One of the biggest mysteries about Hecke Kingdom, who cut a distinctive figure on the Bombay jazz stage in the 1950s and ’60s with his enormous baritone saxophone, was how exactly he pronounced his name. Was the “e” supposed to be silent? As it turns out, you could call him whatever you liked. Though his family didn’t pronounce the “e”, his fans often did. But whether they called him “Heck” or “Heckey”, as concert brochures routinely spelled his name, most people knew one thing about him: that he was a very talented musician.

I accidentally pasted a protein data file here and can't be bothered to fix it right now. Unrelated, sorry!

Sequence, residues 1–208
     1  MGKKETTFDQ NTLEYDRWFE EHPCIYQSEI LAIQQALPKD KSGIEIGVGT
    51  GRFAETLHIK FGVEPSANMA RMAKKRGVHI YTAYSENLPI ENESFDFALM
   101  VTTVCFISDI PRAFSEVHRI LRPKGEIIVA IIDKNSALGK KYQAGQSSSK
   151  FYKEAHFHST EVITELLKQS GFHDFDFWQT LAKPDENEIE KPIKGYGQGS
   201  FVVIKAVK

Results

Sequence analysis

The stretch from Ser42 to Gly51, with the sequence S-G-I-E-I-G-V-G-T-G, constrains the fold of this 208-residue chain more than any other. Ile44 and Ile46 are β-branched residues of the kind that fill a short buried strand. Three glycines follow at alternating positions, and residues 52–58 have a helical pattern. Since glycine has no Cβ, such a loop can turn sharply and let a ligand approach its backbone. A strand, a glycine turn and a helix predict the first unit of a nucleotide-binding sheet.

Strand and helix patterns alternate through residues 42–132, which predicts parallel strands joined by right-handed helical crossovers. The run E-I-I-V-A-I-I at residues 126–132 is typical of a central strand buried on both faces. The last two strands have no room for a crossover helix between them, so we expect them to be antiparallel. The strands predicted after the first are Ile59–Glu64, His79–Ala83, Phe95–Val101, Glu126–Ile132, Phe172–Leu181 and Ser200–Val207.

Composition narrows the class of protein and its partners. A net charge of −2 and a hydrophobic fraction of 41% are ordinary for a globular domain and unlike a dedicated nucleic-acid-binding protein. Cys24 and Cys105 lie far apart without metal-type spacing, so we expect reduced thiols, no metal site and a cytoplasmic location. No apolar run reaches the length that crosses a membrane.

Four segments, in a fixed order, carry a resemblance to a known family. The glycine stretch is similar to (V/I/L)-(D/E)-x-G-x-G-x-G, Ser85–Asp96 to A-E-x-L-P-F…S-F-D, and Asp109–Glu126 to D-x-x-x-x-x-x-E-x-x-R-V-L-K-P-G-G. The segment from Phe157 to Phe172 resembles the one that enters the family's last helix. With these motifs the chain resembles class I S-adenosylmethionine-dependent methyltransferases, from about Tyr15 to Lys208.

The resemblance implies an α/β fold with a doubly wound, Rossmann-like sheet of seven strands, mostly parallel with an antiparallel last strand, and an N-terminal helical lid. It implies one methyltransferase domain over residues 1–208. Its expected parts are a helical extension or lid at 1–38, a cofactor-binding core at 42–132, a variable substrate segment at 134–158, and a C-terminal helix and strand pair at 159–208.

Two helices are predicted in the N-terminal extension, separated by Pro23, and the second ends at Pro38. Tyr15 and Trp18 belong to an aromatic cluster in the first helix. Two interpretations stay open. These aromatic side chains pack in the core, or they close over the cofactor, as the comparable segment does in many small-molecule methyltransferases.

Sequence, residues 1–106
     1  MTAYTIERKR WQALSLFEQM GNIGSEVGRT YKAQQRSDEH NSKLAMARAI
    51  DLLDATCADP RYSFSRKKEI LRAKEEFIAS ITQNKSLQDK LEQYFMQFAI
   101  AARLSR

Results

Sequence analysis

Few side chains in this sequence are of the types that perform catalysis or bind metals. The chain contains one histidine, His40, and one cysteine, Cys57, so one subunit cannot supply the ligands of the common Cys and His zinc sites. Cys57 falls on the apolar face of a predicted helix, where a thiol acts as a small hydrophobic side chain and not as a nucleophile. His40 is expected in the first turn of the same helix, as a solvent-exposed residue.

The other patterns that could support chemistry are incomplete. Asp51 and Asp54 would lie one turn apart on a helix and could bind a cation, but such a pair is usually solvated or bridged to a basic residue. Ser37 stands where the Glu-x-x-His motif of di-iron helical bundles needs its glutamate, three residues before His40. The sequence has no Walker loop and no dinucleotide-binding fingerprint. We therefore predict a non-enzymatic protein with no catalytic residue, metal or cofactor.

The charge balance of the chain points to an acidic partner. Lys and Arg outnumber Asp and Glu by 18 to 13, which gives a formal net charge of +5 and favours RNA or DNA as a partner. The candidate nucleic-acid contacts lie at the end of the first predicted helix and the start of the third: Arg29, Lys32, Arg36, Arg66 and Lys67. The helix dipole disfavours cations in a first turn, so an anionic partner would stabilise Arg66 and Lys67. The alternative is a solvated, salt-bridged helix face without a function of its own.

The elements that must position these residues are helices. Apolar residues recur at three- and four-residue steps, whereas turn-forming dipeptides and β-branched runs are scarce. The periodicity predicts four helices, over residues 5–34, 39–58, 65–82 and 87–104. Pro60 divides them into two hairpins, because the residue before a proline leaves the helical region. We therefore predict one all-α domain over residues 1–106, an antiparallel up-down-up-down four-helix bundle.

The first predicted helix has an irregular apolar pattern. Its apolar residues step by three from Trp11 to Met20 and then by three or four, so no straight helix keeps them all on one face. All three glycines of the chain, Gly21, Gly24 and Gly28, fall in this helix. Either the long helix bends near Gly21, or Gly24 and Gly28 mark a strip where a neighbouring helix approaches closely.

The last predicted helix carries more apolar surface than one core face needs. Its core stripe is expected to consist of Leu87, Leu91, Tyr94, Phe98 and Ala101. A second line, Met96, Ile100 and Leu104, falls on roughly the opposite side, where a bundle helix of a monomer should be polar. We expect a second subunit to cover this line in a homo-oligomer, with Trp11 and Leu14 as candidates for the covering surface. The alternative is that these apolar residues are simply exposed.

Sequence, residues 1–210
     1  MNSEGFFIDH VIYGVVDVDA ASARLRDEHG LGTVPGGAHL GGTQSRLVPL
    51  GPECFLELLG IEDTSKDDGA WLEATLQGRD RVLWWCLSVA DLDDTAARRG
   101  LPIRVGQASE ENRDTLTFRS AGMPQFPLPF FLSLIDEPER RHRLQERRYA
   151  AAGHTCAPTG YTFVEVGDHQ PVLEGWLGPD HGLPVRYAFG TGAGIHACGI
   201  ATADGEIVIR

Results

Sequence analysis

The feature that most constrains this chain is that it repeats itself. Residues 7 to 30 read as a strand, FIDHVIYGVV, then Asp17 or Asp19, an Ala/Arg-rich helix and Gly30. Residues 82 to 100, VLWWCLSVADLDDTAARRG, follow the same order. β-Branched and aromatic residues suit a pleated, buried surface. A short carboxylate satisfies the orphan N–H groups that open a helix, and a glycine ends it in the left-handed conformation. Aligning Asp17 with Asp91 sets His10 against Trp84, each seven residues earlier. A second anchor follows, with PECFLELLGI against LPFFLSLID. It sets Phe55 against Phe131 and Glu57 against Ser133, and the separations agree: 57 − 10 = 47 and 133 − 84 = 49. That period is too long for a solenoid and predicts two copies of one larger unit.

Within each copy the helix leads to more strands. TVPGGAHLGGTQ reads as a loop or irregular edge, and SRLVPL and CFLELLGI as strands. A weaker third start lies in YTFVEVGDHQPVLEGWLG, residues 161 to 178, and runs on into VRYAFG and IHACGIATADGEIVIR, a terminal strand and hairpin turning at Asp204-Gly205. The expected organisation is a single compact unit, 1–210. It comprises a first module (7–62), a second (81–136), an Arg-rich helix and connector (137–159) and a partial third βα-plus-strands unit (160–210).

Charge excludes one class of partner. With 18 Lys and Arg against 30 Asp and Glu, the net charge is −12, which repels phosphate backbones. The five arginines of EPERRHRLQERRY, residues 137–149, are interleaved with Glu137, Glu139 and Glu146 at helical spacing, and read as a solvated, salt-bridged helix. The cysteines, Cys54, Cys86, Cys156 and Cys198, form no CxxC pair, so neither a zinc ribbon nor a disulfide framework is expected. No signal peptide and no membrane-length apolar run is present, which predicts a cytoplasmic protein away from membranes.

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Usha Uthup, who won a Padma Shree this year, hasn’t stepped out of the spotlight since she first started belting out Broadway tunes and pop standards in 1969 in venues similar to this one, depicted in the 1972 film Bombay to Goa. She’s performed across the length of the country, recorded more than two dozen albums and has been featured on several popular Bollywood tracks. More importantly, she’s single-handedly created the paint-by-numbers kit that anyone hoping to make a living out of performing pop in India must follow: sing in an Indian language (or several); tour incessantly both in small-town India and to diasporic outposts in New Jersey, Hong Kong and Nigeria; cherry-pick film assignments; and never, ever stop enjoying yourself on stage. “I’m a people’s person,” Uthup told me. “I’ve never been bothered by people saying I play to the gallery – because I do. Without the gallery I’m nothing.”